This technical article describes shielding, grounding, and splicing techniques for use with motor wiring. This article covers the following topics:
- Understanding noise in motor power wiring
- Shielding motor power cables
- Grounding motor power cable shields
- Applying ferrite sleeves
- Splicing motor power cables
- Handling excess cable
- Installing long motor cables
The PWM Drive (pulse-width modulated drive) to motor power conductors are typically the most intense noise source in a system. Proper implementation of shielding, grounding, splicing, and treatment of excess cable is essential to reducing noise in your system.
In the figure below:
- The unshielded conductors radiate an electric noise field that couples capacitively with adjacent wiring.
- Stray capacitance at A & C cause ground currents to flow creating a magnetic noise field that couples inductively with adjacent wiring.
The benefits of using shielded cable are listed below (also refer to Figure 2 below).
- The shield strongly attenuates the electric field (E field) noise.
- Core to shield capacitance is added to the stray capacitance at A & C increasing ground currents in the loop A, C, D, E, and F.
- These currents generate a magnetic field (H field).
It is important to minimize the area of this loop as far as possible by routing the cable close to grounded metalwork.
Observe the following guidelines when bonding the motor power cable shield to ground. Bond motor power cable shields:
- At the motor frame.
- To the panel at entry to the cabinet (optional).
- To the drive (amplifier) chassis. If a connection point is not provided, bond to the adjacent panel.
A ferrite sleeve around the three power conductors as they leave the drive will help to reduce common-mode noise current. Take all three conductors two or three times through the core. If it runs hot reduce the number of turns.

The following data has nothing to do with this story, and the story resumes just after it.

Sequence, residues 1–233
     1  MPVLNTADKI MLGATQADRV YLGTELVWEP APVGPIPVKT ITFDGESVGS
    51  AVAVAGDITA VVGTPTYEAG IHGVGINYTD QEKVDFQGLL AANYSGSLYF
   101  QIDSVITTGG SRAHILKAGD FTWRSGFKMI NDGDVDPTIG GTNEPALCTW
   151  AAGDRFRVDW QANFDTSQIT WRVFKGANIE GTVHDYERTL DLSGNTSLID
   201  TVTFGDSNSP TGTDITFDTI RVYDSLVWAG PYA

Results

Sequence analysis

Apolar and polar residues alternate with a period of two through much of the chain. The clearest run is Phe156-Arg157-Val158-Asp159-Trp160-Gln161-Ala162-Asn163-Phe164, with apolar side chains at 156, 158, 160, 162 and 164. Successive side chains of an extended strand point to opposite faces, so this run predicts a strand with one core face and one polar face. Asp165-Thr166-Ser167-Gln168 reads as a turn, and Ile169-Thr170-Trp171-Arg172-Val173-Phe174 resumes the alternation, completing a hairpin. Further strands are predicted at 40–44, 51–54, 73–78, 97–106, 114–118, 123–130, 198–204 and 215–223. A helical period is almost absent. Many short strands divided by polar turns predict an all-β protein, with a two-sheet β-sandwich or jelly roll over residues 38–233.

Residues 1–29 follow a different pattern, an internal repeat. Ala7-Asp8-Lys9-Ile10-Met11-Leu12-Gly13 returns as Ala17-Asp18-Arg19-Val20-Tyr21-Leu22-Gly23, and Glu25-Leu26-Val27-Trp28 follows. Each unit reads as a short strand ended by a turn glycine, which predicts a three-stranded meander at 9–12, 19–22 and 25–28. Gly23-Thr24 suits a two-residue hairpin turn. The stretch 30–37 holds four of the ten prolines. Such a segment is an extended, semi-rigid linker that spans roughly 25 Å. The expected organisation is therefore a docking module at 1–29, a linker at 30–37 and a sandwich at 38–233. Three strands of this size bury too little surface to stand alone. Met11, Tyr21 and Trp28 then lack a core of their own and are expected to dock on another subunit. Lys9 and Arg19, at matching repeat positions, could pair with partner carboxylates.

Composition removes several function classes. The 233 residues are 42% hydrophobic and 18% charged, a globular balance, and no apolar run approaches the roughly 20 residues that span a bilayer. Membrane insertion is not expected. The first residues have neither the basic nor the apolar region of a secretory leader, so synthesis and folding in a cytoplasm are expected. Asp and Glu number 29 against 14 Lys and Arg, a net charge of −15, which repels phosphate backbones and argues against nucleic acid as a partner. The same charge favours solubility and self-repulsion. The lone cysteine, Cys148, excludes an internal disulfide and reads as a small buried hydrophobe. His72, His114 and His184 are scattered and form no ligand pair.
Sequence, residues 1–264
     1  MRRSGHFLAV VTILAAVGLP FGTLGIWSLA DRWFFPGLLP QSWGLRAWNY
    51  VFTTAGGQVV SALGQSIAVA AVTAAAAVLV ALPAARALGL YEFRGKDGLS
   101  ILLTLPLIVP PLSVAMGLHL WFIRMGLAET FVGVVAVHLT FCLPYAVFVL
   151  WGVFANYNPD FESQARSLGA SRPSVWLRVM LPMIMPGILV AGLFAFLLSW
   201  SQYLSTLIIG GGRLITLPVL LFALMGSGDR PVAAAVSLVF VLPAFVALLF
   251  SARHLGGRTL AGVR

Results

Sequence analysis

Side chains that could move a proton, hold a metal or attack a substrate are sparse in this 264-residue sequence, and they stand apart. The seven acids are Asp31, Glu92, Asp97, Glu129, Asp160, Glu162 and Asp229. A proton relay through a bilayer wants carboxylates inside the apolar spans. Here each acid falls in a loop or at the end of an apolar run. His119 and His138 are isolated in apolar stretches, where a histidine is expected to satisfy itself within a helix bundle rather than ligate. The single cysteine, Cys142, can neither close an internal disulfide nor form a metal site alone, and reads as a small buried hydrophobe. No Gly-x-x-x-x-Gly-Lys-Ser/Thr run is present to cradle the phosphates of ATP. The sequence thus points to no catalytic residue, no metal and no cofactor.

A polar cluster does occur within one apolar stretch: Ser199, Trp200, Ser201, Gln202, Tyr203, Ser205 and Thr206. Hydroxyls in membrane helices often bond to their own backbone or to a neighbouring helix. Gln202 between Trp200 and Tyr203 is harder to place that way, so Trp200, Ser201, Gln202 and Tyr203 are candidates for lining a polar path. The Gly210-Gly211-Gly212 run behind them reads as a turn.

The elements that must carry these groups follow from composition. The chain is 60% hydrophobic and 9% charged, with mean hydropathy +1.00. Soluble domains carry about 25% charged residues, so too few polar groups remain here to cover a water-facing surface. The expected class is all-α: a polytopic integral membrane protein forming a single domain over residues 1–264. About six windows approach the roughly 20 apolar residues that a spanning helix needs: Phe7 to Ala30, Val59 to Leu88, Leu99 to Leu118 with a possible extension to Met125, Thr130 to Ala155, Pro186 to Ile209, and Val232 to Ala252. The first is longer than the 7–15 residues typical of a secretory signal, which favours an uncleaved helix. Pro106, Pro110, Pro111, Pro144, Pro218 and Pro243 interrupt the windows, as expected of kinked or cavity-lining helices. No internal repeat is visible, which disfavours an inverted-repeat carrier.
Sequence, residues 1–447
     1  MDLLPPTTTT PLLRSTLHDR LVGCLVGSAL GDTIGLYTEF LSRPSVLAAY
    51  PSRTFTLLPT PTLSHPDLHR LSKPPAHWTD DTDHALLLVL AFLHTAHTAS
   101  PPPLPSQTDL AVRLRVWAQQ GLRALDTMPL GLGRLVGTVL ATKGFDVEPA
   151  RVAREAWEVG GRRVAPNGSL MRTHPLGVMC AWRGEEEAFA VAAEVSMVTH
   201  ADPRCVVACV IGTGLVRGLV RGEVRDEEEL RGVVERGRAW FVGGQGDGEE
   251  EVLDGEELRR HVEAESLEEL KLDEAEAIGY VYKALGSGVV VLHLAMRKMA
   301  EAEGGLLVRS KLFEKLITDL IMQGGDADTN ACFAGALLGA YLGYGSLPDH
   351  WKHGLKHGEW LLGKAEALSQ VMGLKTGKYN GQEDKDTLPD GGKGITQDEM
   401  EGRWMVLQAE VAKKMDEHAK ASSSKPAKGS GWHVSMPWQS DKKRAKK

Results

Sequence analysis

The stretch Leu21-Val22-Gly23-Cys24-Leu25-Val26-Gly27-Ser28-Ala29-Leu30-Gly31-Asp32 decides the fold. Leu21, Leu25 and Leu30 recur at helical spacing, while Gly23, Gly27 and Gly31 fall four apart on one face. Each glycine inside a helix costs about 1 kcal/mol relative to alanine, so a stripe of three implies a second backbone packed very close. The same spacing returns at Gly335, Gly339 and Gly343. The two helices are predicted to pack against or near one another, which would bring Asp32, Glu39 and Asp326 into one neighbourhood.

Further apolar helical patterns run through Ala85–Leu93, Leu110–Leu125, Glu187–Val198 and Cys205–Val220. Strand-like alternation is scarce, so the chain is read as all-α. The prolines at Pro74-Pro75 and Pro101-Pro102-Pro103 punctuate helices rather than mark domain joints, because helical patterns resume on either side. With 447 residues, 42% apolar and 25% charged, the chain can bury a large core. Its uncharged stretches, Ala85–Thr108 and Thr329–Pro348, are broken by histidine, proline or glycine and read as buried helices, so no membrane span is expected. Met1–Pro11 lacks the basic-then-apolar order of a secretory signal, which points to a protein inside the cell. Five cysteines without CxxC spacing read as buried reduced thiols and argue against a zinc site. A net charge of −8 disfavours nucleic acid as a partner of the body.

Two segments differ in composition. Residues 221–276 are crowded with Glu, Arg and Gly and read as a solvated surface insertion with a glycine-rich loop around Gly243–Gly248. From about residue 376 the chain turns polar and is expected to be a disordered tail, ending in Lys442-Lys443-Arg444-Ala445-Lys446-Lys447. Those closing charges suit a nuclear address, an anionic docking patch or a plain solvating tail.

Note! Not all drives allow the use of a ferrite sleeve around power conductors. Refer to your manuafacturer’s manual for specific applications.
Avoid splicing motor power cables when ever possible. Ideally, motor power cables should run continuous between the drive and motor terminals. The most common reason for splicing is to incorporate high-flex cable for continuous flexing applications.
Splicing can also be accomplished using a grounded and shielded junction box, as shown in the figure below.
Observe the following guidelines when installing a junction box:
- Shield drain wire must be spliced only to mating shield drain wires and not grounded at the junction box.
- Feedback shields must be passed through pin for pin.
- Separate junction boxes for power and feedback are required.
Observe the following guidelines when handling excess cable:
- Do not coil excess cable of different types (i.e. motor power and feedback) together. An efficient transformer is formed at HF.
- Cable lengths should ideally be trimmed to fit the application.
- If excess cable cannot be trimmed, it should be laid in an ‘S’ or figure eight pattern (refer to the figure below).
Motor cables are defined as long when the motor frame is not bonded close enough to the drive panel to be considered a single ground plane. To be considered a single ground plane, the parts must be connected by a surface which is no longer than ten times its width.
- Bonding should be by the widest practical means. Wide cable tray is effective when it is made of zinc plated steel and carefully bonded at the ends to control panel and motor frame.
- Zinc plated sheet steel channel is also effective. The fact that the width is folded into a U shape does not matter. A closing lid helps.
- Solid steel conduit bonded at both ends is effective.
- The spiral construction of flexible conduit makes it less attractive for RF shielding because the spiral shape forms an inductor, even with partially shorted turns.
Reference // System Design for Control of Electrical Noise by Rockwell Automation